Lake Ontario forms ‘pancake’ ice as recent cold persists

Weather Blog

Featured image above courtesy of Chief Meteorologist Eric Snitil

ROCHESTER, NY (WROC) – Our winter so far has been mild with both December and January running between 3-4 degrees above normal. Lake ice has been hard to come by through the first half of winter; up until now that is. First we’ll check in with the latest ice cover over the Great Lakes. If you want to check out some neat ice formations over Lake Ontario, check out the lower half of this post!

Ice Update

Our recent cold blast was finally able to bring some more ice cover to the Great Lakes, including Lake Ontario. Over the past couple weeks, the Great Lakes total ice cover increased from around 2% to 15.6%.

Data courtesy: glerl.noaa.gov

Swipe back and forth to compare Lake Ontario ice concentration and ice thickness below:

Lake Ontario ice concentration and thickness courtesy glerl.noaa.gov

The latest ice concentration over Lake Ontario is not substantial by any means, but it’s a vast improvement comparing it to the past seven days. Most of the current ice is confined to the outer edges separating into two main sections: one just north of Rochester and Irondequoit Bay, and the other just east of Sodus Bay to the eastern end of the lake towards Oswego.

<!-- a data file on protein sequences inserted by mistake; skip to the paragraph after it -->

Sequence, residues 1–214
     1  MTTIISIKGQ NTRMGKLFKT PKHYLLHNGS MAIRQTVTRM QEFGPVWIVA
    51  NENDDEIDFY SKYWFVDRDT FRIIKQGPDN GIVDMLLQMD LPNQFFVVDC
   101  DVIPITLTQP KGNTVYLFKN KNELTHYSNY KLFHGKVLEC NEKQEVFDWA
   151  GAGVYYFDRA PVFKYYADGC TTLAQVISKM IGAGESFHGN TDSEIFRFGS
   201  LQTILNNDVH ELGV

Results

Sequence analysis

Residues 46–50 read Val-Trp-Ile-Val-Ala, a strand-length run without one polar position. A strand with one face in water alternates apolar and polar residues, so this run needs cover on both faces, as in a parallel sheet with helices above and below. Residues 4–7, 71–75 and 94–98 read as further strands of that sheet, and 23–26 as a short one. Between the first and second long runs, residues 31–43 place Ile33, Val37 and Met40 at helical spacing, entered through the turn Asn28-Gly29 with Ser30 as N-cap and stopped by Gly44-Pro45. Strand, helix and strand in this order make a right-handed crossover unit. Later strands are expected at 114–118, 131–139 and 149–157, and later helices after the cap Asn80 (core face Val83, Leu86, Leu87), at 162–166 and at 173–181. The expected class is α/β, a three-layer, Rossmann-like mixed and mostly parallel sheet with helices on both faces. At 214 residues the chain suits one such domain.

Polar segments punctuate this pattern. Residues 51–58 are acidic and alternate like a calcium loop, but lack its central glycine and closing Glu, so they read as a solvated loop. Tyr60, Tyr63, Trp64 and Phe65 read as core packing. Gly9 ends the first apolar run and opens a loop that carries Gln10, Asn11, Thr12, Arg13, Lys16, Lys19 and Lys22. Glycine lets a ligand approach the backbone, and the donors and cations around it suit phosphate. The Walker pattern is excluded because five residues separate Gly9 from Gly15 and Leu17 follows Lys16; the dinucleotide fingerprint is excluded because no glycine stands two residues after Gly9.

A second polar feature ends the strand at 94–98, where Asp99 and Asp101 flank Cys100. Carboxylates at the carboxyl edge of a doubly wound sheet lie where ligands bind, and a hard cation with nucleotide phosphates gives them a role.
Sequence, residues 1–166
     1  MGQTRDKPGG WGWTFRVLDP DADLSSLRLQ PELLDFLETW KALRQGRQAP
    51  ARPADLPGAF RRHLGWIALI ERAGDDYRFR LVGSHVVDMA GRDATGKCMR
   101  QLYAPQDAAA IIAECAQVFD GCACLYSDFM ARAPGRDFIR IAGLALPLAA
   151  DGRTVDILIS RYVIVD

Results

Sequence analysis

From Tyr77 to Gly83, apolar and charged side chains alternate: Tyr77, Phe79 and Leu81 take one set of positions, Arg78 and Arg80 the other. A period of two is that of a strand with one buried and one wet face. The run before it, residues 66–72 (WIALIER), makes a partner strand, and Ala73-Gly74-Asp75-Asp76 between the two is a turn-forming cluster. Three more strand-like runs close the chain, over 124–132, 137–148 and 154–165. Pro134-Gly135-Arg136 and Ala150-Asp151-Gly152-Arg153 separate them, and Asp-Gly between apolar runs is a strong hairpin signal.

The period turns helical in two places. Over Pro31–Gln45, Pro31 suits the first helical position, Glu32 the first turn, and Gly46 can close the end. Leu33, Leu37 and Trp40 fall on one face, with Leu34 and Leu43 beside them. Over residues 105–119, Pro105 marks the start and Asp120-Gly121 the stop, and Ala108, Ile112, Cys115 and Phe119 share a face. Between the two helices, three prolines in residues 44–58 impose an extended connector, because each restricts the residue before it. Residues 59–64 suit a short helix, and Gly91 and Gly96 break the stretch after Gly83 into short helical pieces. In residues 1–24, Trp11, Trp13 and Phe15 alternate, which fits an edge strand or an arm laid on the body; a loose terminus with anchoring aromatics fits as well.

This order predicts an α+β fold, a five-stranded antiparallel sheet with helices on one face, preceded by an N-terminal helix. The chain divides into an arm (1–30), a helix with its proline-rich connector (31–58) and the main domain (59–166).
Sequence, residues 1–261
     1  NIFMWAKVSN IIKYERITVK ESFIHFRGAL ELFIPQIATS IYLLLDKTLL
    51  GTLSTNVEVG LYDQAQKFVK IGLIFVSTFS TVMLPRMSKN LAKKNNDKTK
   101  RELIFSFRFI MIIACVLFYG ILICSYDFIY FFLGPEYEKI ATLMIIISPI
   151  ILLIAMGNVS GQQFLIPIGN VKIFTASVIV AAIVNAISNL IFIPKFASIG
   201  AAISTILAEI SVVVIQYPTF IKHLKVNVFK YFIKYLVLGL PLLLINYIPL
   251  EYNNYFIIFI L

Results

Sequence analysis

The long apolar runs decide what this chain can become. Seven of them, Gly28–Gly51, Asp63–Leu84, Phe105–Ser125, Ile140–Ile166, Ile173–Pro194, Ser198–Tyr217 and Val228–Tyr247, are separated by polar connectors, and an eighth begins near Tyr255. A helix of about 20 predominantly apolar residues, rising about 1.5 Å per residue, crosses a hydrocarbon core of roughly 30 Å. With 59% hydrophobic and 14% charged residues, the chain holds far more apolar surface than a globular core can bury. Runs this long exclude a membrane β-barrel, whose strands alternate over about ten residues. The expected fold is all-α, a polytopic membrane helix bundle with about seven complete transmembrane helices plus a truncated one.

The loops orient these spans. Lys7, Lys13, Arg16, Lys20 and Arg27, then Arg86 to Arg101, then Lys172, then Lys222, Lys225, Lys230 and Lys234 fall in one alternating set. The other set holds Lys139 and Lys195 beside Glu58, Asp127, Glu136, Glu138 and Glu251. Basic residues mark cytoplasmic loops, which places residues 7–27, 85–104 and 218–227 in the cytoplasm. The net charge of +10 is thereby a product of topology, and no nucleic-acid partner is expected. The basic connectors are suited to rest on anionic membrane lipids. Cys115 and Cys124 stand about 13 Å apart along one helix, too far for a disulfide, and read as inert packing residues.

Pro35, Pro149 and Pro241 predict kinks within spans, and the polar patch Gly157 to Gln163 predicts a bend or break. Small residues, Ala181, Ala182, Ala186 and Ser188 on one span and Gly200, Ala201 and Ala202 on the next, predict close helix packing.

Ice Photos

You can check out some of the latest ice captured in the photos featured below.

Webster ice courtesy @PZonLAKEOntario on Twitter

Photos above courtesy of Chief Meteorologist Eric Snitil. First photo shows a wind-whipped spray depositing layers of ice at Ontario Beach Park. Second photo shows ice extending about a quarter mile from the shore.

Photos above courtesy of @joey_frascati on Twitter

Ever hear of pancake ice? Now you have!

These fun ice formations can form over slushy waters over the lakes during the winter. As chunks of ice collide they form elevated, rounded shapes that almost resemble lily-pads.

Safe Ice Reminders

As shown in the images above, the thickness of ice is not nearly enough for any activities such as ice fishing quite yet. Remember you should never walk on ice less than 2″ thick with 3-4″ used as a general rule to follow.

~Meteorologist Christine Gregory

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